Background: Infective endocarditis (IE) in intravenous drug users has been increasing in incidence. The major pathogen used to be methicillin-susceptible Staphylococcus aureus, but resistant isolates have also been increasing. This study aimed to investigate the clinical characteristics of IE in intravenous drug users and to evaluate the molecular patterns of methicillin-resistant S. aureus (MRSA) that cause IE in these drug users. Methods: A total of 37 episodes of IE in intravenous drug users hospitalized from 1980 to 2006 at a 1,250-bed teaching hospital in Southern Taiwan were evaluated retrospectively. The genetic relatedness of S. aureus strains was assessed using pulsed-field gel electrophoresis. Polymerase chain reaction was used to detect Panton-Valentine leukocidin (PVL) and staphylococcal γ-hemolysin (Hlg), and to determine the staphylococcal chromosomal cassette carrying the mecA methicillin-resistant gene (SCCmec) type. Results: The patients had a mean ± standard deviation age of 31.5 ± 9.25 years, with a male predominance of 76%. Hepatitis C was present in all patients. Methicillin-susceptible S. aureus accounted for 76% of infections, and the most common clinical symptoms were fever (97%) and embolic phenomenon (68%). There were 4 MRSA isolates, 3 of which were SCCmec type III. PVL and Hlg genes were found in 2 and 3 MRSA isolates, respectively. Eighty percent similarity was found among the MRSA isolates by pulsed-field gel electrophoresis. Conclusion: Our results suggest that coinfection with hepatitis C was common in intravenous drug users with IE, and that molecular patterns of MRSA isolates had high similarity. SCCmec type III, which is usually hospital-acquired, could have caused the community-associated MRSA endocarditis in our patients.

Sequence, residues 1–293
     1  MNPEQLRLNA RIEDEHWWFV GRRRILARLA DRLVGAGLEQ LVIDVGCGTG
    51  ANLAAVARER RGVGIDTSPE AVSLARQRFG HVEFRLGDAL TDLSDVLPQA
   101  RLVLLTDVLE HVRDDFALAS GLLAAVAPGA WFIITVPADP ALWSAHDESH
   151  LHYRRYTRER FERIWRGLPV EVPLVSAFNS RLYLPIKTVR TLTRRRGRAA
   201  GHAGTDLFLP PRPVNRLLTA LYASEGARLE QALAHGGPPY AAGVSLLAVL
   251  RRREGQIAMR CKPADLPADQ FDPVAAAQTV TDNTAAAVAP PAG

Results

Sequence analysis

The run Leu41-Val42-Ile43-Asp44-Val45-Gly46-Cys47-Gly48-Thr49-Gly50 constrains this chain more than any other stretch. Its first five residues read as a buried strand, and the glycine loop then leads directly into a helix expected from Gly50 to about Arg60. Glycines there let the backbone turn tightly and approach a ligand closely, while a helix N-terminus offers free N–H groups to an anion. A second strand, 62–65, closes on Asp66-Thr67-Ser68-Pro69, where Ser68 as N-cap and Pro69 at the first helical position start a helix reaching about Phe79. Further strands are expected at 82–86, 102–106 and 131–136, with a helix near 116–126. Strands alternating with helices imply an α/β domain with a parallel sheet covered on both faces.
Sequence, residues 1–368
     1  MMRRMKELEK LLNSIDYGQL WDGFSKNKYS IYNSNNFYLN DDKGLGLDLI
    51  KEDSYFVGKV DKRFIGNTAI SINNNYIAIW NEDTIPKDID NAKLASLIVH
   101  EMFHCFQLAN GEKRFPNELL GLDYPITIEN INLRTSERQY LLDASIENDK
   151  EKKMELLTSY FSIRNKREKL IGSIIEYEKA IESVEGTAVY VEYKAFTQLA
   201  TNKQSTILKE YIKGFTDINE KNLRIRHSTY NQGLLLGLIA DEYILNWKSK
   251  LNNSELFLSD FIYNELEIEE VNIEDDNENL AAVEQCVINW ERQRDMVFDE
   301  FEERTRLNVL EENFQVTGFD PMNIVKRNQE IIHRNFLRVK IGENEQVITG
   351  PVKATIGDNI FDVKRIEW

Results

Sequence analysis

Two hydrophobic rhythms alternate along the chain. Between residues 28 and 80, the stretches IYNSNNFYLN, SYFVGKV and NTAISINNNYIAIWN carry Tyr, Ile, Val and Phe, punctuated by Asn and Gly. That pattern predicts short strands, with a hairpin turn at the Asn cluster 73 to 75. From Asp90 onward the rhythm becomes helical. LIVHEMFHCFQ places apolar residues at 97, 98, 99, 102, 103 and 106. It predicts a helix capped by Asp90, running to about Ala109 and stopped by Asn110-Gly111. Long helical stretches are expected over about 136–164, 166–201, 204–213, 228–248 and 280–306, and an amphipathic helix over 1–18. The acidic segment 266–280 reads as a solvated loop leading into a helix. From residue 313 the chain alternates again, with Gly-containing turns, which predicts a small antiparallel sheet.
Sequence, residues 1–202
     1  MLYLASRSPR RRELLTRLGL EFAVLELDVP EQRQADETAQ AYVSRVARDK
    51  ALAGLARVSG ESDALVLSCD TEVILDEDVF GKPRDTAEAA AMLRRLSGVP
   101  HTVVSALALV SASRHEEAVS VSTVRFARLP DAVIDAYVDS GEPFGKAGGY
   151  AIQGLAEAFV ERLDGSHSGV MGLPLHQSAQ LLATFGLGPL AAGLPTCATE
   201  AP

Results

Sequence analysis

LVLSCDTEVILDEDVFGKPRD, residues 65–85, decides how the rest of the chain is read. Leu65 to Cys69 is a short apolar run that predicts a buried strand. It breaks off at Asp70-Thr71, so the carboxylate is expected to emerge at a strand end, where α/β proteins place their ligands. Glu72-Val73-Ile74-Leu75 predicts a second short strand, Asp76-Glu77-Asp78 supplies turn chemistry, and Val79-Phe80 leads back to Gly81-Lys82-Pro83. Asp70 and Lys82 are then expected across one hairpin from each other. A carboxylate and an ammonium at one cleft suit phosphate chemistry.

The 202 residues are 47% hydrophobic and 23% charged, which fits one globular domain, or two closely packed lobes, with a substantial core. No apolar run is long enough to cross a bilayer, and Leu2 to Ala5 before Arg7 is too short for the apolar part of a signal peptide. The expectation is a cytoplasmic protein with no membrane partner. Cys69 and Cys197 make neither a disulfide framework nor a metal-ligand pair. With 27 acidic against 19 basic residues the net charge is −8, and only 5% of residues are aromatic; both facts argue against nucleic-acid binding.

- bacterial endocarditis
- intravenous drug abuse
- methicillin-resistant Staphylococcus aureus
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